Related Topic: Long-time competitive FPS players are often so tuned to a specific latency of a specific game/system configuration, that they will notice small changes to latency they're pre-trained to. (One easier way to picture how much this matters is, some of them aim a mouse at a fast speed of several screenwidths per second panning. Say, the equivalent of 5000 pixels/second mouse movement speed to move something into crosshairs. They decelerate to put crosshairs on objects. But add a 10ms lag creates a 50 pixel overshoot, which they then have to correct for. Just 5ms lag creates a 25 pixel overshoot. Competitive players can feel they're taking longer to aim their crosshairs on a target if the latency is different from what they've been pre-trained to. They aim, correct maybe once or twice, and shoot. For example, aim, overshoot, move mouse back 20 pixels, aim perfect. But change latency and it becomes aim, overshoot, move mouse back 50 pixels, overshoot again, move mouse back 20 pixels, overshoot again, move mouse back 5 pixels, aim perfect. That back-and-forth swerving of mouse slows down aiming since the competitive FPS player mistimed the moment to begin decelerating the mouse. Just a few milliseconds change in whole-chain latency causes this to happen, and they 'feel' they're taking much longer to aim, and they complain. I'm not sure if there's any science papers done specificially on professional FPS players -- perhaps you'd be able to call up some?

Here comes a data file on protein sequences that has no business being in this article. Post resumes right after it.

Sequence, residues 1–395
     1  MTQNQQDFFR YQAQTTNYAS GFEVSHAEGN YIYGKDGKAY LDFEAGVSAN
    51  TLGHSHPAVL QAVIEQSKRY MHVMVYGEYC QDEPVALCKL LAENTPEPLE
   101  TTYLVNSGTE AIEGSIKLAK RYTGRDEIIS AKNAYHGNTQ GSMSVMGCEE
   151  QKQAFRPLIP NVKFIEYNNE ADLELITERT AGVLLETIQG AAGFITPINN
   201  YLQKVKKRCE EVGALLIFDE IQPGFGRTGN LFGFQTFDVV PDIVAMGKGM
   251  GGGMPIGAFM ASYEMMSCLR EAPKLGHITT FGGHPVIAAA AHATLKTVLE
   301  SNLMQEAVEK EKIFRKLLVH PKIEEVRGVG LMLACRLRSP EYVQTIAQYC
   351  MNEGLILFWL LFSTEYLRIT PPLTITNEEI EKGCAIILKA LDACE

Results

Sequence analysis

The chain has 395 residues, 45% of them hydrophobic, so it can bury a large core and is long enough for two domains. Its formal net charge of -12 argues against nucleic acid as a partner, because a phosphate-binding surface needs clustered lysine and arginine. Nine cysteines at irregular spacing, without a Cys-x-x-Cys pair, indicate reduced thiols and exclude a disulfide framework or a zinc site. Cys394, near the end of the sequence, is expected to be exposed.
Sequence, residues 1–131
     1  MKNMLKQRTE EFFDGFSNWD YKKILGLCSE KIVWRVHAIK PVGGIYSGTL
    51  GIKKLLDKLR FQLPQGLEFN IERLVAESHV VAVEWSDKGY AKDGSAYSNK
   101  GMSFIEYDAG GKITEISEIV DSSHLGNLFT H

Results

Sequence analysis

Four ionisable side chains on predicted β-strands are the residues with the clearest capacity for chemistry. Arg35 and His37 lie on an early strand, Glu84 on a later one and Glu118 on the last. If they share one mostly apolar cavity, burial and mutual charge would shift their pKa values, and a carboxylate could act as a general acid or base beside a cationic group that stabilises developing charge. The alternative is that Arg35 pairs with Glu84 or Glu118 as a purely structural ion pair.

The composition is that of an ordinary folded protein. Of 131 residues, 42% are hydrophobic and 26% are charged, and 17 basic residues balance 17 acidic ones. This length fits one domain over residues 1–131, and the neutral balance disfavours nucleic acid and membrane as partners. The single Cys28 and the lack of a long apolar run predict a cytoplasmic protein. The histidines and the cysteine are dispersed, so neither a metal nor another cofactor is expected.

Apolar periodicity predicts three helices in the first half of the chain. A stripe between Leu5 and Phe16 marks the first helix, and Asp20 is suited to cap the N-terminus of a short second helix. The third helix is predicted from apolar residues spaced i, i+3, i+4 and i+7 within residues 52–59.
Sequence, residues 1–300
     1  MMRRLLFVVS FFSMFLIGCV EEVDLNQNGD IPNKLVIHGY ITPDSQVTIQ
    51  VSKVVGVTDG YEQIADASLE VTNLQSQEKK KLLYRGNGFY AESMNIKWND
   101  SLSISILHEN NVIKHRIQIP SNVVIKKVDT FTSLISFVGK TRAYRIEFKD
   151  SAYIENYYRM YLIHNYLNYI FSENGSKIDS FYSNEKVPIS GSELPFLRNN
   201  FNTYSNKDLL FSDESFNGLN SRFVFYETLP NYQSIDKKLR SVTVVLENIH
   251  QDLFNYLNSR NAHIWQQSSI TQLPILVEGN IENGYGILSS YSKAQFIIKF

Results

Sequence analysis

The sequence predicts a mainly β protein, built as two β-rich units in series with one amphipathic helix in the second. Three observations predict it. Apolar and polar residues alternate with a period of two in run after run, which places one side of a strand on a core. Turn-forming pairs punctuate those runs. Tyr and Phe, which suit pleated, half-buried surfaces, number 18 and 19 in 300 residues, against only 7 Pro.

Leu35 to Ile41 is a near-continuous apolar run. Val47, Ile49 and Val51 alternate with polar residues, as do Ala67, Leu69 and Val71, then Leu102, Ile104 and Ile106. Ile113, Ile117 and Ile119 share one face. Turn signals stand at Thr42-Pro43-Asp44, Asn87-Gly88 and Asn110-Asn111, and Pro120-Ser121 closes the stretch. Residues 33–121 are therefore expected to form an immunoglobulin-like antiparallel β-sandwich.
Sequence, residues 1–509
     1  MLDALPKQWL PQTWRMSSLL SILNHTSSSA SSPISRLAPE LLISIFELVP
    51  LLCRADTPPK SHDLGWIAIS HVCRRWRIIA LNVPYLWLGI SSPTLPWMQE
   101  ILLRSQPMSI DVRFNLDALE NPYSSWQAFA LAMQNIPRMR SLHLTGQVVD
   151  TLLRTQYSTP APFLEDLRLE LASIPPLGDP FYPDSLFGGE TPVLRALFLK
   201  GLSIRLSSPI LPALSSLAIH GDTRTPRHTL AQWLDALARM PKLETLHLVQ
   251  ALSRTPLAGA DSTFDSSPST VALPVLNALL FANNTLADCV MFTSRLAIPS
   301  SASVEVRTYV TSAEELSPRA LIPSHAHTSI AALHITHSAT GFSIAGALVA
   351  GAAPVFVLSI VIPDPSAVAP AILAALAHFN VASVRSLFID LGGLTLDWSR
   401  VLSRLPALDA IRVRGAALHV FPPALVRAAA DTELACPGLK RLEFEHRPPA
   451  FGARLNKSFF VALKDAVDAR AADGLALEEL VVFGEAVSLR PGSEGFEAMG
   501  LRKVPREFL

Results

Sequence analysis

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Re: So what refresh rate do I need? [Analysis] [very good on

Postby ScepticMatt » 23 Feb 2014, 16:06

Chief Blur Buster wrote:Related Topic: Long-time competitive FPS players are often so tuned to a specific latency of a specific game/system configuration, that they will notice small changes to latency they're pre-trained to. (One easier way to picture how much this matters is, some of them aim a mouse at a fast speed of several screenwidths per second panning. Say, the equivalent of 5000 pixels/second mouse movement speed to move something into crosshairs. They decelerate to put crosshairs on objects. But add a 10ms lag creates a 50 pixel overshoot, which they then have to correct for. Just 5ms lag creates a 25 pixel overshoot. Competitive players can feel they're taking longer to aim their crosshairs on a target if the latency is different from what they've been pre-trained to. They aim, correct maybe once or twice, and shoot. For example, aim, overshoot, move mouse back 20 pixels, aim perfect. But change latency and it becomes aim, overshoot, move mouse back 50 pixels, overshoot again, move mouse back 20 pixels, overshoot again, move mouse back 5 pixels, aim perfect. That back-and-forth swerving of mouse slows down aiming since the competitive FPS player mistimed the moment to begin decelerating the mouse. Just a few milliseconds change in whole-chain latency causes this to happen, and they 'feel' they're taking much longer to aim, and they complain. I'm not sure if there's any science papers done specificially on professional FPS players -- perhaps you'd be able to call up some?